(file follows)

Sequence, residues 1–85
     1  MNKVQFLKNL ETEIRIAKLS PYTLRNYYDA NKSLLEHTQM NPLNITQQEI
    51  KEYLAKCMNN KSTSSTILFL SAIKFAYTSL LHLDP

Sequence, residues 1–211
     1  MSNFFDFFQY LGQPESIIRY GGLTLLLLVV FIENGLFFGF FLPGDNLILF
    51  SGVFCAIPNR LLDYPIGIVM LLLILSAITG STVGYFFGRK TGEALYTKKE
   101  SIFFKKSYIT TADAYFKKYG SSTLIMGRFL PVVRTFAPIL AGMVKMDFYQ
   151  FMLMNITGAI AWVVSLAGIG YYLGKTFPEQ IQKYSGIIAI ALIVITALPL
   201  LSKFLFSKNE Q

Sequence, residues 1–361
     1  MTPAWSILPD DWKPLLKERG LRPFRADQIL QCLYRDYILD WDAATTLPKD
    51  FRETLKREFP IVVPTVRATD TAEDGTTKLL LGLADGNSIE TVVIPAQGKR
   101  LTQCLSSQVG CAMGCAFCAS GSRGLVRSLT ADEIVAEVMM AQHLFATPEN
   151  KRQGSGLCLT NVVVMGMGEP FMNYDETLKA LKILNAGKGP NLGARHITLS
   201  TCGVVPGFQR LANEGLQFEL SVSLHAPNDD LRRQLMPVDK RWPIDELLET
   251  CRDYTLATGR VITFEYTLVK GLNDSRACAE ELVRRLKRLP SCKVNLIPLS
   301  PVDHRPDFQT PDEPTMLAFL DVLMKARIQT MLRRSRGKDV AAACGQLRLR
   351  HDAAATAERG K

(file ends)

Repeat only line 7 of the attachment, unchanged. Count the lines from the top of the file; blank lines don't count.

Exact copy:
   101  SIFFKKSYIT TADAYFKKYG SSTLIMGRFL PVVRTFAPIL AGMVKMDFYQ